The fashion brand SmartGlamour has been built on a philosophy that fashion can be — and is — really for everyone. For years now, SmartGlamour has created campaigns that happen to feature people fashion often forgets, including those of various different sizes or genders or races or ages.
For its latest campaign, SmartGlamour chose to highlight one group of people it has long celebrated: people who have disabilities.
Among the five models in this campaign, there’s Kody Mekell Keplinger, Zazel O’Garra, Elsa Sjunneson-Henry, Leslie Taub and Joanna Mallard. Three out of the five models have a visual impairment.
Taub has facial scarring and “starfish-shaped hands,” as she’s called them.
And O’Garra often wears a leg brace.
“One of the main pillars SmartGlamour was founded on was accurate representation of all people and all bodies,” Mallorie Dunn, SmartGlamour’s founder and designer, said in an interview. “We’ve had multiple disabled models in the past — including folks who weren’t in this shoot. There is no shortage of folks who enjoy fashion and would love to be a part of something like this — there is only a shortage of opportunities for them.”
This campaign is actually a part of SG’s series called #AllMeansAll or #FashionForAll, which indeed highlights some of the marginalized groups that are ignored even when brands claim they are “inclusive” or “body positive.” And this initiative, Dunn said, was born partly in response to the political climate.
“We have always, for the past 3.5 years now, cast diversely [and] we have never highlighted folks’ differences specifically as it’s not in my interest to exploit people’s differences or tokenize them,” Dunn said. “However, 2017 has turned into a year with a ton of hatred coming out of the shadows and into the light — hatred directed at targeted marginalized groups — and I want those groups to truly know that SmartGlamour is here for them on every level. That we see their greatness shining equally as bright as everyone else’s, and that we are here to shine a light on it for everyone else to see.”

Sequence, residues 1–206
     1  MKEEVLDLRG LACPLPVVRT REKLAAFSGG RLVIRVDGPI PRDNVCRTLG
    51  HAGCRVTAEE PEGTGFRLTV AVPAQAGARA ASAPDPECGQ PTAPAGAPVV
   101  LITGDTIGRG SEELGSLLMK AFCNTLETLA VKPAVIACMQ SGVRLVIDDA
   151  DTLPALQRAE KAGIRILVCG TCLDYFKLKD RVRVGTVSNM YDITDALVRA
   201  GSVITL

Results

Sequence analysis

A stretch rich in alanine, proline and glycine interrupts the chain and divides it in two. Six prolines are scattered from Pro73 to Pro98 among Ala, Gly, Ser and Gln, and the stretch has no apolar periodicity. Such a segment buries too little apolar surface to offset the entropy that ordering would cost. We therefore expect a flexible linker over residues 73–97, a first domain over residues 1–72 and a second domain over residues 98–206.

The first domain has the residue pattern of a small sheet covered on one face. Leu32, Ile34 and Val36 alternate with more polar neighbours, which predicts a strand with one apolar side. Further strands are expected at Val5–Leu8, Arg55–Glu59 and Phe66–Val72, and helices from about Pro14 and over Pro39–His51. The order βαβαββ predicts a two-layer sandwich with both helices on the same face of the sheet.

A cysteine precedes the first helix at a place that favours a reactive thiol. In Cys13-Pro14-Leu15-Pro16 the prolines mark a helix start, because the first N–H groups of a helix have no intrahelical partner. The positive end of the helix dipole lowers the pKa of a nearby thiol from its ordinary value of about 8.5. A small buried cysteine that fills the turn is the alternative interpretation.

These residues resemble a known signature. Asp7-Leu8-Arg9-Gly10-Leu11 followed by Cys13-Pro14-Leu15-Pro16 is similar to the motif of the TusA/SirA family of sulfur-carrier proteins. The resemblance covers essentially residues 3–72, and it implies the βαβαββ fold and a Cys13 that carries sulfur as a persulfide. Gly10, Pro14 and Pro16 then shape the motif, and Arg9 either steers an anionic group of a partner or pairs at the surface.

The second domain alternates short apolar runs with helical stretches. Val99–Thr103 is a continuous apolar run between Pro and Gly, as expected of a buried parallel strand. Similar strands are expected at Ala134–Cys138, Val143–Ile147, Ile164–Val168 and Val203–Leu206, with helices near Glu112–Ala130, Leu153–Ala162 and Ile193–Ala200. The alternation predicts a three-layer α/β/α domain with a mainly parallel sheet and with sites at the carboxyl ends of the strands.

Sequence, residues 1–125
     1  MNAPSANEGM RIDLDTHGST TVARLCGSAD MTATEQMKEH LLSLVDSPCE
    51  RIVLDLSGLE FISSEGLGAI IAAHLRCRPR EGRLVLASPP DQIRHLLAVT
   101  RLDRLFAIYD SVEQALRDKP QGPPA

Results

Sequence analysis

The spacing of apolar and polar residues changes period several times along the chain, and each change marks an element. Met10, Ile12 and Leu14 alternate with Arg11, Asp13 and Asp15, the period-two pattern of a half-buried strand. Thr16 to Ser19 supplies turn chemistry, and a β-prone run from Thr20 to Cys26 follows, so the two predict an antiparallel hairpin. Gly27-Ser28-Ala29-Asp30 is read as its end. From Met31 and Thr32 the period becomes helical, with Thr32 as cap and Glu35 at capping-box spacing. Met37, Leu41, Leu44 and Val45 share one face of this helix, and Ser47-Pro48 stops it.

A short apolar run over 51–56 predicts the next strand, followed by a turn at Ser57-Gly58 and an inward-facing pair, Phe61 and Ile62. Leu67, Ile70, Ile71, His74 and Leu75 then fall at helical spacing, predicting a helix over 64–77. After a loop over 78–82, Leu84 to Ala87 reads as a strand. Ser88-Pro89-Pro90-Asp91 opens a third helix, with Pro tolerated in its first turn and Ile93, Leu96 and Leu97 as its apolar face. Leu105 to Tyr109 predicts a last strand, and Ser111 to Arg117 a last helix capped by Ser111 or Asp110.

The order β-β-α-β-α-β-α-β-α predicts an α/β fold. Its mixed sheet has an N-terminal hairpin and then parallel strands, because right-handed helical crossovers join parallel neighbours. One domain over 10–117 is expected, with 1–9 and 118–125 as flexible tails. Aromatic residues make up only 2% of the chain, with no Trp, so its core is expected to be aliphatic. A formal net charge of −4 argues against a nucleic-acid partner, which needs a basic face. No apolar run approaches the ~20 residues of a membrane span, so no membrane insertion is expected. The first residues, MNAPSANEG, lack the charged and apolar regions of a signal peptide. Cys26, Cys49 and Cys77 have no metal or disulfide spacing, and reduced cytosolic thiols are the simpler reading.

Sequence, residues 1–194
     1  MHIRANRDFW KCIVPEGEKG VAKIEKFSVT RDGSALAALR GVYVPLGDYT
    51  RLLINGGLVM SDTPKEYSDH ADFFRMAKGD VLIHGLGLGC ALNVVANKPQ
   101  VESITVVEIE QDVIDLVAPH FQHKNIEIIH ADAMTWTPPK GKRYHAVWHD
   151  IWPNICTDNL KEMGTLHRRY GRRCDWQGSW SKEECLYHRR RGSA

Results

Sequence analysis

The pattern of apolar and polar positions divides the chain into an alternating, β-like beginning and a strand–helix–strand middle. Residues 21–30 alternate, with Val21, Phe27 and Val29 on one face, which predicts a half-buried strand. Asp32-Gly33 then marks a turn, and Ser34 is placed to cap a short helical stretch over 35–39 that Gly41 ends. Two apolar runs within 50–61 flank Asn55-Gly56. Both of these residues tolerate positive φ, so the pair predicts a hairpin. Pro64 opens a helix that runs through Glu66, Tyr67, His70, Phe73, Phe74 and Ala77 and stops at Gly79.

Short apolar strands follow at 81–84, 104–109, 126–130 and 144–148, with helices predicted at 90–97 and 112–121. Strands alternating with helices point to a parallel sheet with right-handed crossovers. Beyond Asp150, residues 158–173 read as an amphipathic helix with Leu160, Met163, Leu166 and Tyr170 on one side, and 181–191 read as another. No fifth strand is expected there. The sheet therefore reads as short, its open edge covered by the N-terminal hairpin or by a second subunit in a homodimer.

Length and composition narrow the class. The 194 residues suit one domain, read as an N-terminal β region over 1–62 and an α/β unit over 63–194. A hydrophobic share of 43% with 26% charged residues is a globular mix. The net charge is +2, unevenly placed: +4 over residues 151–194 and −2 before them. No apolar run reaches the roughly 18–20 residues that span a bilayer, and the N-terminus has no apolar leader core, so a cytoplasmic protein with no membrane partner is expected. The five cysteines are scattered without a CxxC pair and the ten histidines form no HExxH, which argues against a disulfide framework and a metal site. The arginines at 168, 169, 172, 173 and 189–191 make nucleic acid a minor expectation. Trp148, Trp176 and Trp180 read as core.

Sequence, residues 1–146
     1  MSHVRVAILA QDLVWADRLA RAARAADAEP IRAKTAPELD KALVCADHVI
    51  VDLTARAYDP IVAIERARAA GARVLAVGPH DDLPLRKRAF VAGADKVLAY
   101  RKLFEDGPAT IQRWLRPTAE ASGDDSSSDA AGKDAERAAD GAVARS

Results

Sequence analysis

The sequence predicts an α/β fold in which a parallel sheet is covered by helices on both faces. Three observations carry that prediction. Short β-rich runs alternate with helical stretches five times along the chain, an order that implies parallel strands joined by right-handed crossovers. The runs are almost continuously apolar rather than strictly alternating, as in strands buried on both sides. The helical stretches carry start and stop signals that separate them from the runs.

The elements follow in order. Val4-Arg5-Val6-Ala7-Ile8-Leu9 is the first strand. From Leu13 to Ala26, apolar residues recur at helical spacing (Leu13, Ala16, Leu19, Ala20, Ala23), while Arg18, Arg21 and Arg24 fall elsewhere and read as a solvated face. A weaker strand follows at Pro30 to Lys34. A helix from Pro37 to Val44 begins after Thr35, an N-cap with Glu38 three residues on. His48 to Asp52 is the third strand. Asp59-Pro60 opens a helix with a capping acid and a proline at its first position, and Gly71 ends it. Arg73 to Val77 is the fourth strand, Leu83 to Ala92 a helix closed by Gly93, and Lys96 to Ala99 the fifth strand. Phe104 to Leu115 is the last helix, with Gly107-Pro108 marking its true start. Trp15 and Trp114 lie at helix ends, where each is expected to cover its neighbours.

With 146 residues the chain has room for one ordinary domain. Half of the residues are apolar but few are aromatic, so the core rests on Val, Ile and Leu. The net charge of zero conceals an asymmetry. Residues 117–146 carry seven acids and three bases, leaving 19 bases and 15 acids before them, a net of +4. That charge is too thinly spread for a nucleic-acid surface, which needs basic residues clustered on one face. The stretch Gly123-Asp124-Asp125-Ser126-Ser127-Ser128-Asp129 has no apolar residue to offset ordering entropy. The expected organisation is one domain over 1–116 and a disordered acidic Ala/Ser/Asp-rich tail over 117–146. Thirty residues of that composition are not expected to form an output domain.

Flash forward to now, months into 2017, and Dunn hasn’t slowed down in her fight to elevate the voices of people who fashion often ignores.
“When the majority of fashion doesn’t mean to include everyone — even when they say they do — it is difficult for folks to believe us when we say it,” Dunn said. “And I understand that. One of our go-to models and brand ambassadors always recounts her story of seeing our casting notice that said ‘everyone, really,’ and she didn’t truly believe it until she showed up and then got cast. When your goal is to truly change and disrupt the fashion industry from the inside out, it can take a bit of extra time for folks to believe you.”
In addition to these #AllMeansAll campaigns, Dunn also coordinates roundtables for the models included in these campaigns, which allow them to talk over topics as important as body image and self-love.
So how can the fashion industry change, and perhaps start to think of people who may have disabilities as valuable consumers and human beings? Dunn said this progress is still being held back by society, but individuals can help things along by supporting the people who remain marginalized.
“We need to support minority, women, POC-owned businesses that are creating change, not corporations offering their watered-down counterpart,” Dunn said. “All of these things are interconnected. Marginalized groups are separate, and have separate issues, but also overlap and connect. Until we change the other mindset of obsession with thinness, whiteness and ‘health,’ we will never truly be free and accepting of all folks — regardless of their bodies’ appearance or abilities.”